It abandoned Lincoln’s policy of reconciliation and set about punishing the South for the Civil War. For the next forty years, weak presidents and an emboldened Congress became the rule.
The old adage, power corrupts, and absolute power corrupts absolutely, came into play. Congress became the home of political bosses whose chief interest was their own enrichment.
Not until Theodore Roosevelt became president in 1901 did the strength and leadership Washington and Lincoln brought to the office reappear.
By that time, America was on the brink of a revolution. A wealthy upper class and an impoverished lower class were regarding each other with growing hatred.
Roosevelt began condemning “malefactors of great wealth.” He instituted anti-trust lawsuits against several businesses that had become brutal monopolies. He created national parks and national forests, reassuring people that some of America’s most attractive landscapes would always belong to everyone. He declared that his administration guaranteed a “square deal” to every working man and woman.
Someone asked President Roosevelt where he got the authority to act and speak so independently of Congress. He cited “the Jackson-Lincoln” theory of the presidency.
There was no mention of George Washington. It was mournful evidence that Thomas Jefferson’s determination to obliterate Washington’s presidency had been all too successful.
A few years after Roosevelt, Woodrow Wilson became president. He had written a book, “Congressional Government,” which severely criticized this distortion of the founders’ Constitution.
Wilson restored one of President Washington’s most important innovations, his annual speech to Congress. A superb orator, Wilson was soon persuading Congress to pass badly needed legislation, such as the creation of the Federal Reserve banking system, which returned control of the nation’s finances to the government.
Another strong president who invoked the presidency’s powers was Franklin D. Roosevelt. Confronting the crisis of the Great Depression, he relied on the veto to force Congress to follow his leadership, invoking this power 641 times, more often than all his predecessors combined.
The wars and recessions of the rest of the Twentieth Century added enormously to the presidency’s power. By the 1960s, presidents asserted the right to block or “impound” Congress’s attempt to spend money for dozens of federal programs.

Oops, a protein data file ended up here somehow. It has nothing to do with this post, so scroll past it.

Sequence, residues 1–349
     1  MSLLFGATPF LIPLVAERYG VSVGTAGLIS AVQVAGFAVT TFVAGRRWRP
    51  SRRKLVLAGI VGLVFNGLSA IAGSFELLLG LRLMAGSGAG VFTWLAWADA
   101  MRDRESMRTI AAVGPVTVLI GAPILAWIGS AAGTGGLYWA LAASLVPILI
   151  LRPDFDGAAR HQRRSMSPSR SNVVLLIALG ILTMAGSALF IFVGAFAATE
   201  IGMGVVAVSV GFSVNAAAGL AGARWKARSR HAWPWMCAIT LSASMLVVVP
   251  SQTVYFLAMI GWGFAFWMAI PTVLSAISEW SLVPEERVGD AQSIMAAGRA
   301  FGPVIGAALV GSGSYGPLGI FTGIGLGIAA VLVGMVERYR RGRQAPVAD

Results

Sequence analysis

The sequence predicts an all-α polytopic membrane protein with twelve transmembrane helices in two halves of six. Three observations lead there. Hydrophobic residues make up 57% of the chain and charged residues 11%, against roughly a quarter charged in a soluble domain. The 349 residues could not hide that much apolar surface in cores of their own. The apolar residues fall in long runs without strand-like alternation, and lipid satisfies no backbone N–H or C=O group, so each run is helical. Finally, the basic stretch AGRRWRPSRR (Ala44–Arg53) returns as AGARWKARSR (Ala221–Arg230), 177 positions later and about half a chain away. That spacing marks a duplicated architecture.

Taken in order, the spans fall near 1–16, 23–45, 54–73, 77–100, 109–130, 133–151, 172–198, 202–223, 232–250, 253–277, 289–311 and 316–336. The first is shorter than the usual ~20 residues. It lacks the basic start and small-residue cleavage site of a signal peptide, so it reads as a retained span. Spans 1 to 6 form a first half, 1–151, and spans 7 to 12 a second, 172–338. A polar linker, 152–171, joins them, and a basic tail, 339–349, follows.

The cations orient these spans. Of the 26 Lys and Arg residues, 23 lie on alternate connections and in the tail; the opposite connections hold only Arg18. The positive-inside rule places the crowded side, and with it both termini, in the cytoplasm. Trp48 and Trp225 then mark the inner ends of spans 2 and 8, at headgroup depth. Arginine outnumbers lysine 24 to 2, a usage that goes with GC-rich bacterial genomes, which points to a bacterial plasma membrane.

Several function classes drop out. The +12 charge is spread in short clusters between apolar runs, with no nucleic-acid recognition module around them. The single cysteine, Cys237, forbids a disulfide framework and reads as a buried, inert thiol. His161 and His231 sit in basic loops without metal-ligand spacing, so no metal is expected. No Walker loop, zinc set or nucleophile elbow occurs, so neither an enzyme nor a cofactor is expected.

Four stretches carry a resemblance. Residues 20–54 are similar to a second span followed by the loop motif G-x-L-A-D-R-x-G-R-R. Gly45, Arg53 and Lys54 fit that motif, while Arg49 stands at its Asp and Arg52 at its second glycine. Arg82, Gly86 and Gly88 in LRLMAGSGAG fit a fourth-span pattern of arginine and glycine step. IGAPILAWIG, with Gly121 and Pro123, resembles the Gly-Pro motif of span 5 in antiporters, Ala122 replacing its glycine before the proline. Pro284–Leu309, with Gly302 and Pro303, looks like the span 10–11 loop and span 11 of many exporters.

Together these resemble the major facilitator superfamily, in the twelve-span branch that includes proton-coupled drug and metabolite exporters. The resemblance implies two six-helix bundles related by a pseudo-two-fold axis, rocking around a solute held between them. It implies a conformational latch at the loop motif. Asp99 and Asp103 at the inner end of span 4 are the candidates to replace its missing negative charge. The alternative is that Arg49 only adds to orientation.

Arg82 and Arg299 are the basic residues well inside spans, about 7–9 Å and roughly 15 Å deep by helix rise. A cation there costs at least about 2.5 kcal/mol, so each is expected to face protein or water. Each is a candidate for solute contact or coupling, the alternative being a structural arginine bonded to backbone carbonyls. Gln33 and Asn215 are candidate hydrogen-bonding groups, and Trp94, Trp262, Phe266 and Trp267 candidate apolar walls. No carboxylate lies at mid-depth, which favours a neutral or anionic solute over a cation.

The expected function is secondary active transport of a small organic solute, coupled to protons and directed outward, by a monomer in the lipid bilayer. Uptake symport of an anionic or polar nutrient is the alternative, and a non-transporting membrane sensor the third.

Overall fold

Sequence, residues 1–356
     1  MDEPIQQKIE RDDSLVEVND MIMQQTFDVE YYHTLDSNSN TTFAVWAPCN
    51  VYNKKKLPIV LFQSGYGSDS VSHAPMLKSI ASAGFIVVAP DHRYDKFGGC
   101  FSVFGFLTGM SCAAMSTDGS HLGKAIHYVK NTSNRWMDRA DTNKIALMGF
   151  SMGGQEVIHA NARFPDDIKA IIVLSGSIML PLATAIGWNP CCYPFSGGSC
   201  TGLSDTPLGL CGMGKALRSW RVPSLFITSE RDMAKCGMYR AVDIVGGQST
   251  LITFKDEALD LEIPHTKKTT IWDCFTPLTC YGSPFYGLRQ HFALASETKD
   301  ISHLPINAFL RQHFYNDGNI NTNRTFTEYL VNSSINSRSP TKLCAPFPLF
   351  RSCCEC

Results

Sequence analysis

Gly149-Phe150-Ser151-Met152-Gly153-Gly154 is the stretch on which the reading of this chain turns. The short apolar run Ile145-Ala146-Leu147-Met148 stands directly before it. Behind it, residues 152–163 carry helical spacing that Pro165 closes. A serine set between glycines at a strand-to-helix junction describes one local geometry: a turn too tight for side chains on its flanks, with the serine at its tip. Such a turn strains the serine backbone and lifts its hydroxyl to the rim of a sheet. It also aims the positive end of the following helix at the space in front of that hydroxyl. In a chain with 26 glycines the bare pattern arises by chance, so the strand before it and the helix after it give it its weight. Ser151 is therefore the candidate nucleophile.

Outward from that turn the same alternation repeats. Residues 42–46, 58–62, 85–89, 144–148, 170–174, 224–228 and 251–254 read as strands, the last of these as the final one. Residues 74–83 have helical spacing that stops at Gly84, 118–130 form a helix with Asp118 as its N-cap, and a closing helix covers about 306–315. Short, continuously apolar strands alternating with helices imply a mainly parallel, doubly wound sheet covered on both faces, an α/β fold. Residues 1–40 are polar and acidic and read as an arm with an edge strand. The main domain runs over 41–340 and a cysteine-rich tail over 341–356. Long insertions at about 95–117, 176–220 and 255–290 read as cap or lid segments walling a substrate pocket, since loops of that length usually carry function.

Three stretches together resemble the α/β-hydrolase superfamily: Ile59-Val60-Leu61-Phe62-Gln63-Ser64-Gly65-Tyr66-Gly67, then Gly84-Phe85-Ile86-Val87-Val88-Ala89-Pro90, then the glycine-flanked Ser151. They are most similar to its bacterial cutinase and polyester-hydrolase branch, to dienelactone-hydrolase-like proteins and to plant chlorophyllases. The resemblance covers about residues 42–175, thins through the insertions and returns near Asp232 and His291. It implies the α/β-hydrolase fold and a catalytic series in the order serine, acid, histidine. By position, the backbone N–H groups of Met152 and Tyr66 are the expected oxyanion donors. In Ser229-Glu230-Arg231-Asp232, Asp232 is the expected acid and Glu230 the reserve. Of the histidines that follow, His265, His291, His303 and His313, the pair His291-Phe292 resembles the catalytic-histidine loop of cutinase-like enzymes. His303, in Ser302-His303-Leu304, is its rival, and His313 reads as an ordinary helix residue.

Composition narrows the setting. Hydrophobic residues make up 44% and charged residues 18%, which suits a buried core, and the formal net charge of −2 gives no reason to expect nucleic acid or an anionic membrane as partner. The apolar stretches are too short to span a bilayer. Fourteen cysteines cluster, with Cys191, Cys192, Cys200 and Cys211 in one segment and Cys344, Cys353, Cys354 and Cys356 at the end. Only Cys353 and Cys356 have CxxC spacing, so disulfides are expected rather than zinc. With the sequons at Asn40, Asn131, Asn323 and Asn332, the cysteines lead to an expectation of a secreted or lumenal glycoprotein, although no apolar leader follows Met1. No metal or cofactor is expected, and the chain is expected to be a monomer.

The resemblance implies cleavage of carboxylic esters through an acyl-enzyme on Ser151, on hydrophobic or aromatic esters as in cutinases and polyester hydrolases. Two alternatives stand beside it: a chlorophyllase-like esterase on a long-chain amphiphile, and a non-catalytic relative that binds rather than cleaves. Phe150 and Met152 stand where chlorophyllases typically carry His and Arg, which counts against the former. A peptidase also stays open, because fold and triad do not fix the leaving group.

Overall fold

President Richard Nixon carried this policy to an extreme that infuriated Congress. Exacerbating his relationship to the lawmakers was Nixon’s determination to win the war in Vietnam – a policy that the Democratic majority in Congress opposed.
In 1972, Nixon won reelection in one of the greatest landslides in American history. It was graphic evidence of the presidency’s awesome power.
The whirlpool of extreme emotions swirling around Nixon exploded when a political burglary in the Watergate apartments revealed a president who was all too ready to lie and conceal evidence.
Nixon’s resignation to avoid impeachment led directly to another era of congressional government. Congress passed the Congressional Budget and Impoundment Act, which made the lawmakers the sole judge of how much they could spend.
It was the beginning of unchecked deficit government that may yet imperil the financial stability of the nation and the world.
The presidents who have succeeded Richard Nixon have repeatedly found themselves challenged by an aggressive Congress. America has the only legislature in the world that claims the right to interfere in their country’s foreign policy. Again and again we have seen recent presidents confronted by the central issue that divided Thomas Jefferson and George Washington.
There is no easy solution to this dilemma. Both sides must work out a balance that will enable the federal government to function. Until recently, President Barack Obama and the Republican majority in Congress have been disinclined to make any concessions. Perhaps there is an answer in a little known aspect of the Great Divide.
Toward the end of James Madison’s life, he had a profound change of mind and heart. He repudiated Jefferson’s approach to government. He addressed Congress directly, urging them to create a trained army and navy.
Lack of both had almost cost us our independence in the War of 1812. He urged the creation of a central bank. He recommended Washington’s Farewell Address as important reading, even though it contained a fierce criticism of Thomas Jefferson’s worship of the French Revolution.
He called on all Americans to regard the Union as the crucial value of their government.
One might say that Madison had abandoned the divisive ideology of Monticello, and returned to the sunny porch of Mount Vernon as George Washington’s friend and admirer.
It is a journey that all Americans can and should take now and in the uncertain future. Never have we had a greater need for a new appreciation of George Washington’s approach to the presidency.
Author and historian Thomas Fleming’s new book, “The Great Divide: The Conflict Between Washington and Jefferson That Defined A Nation” is published by Da Capo Press, Boston.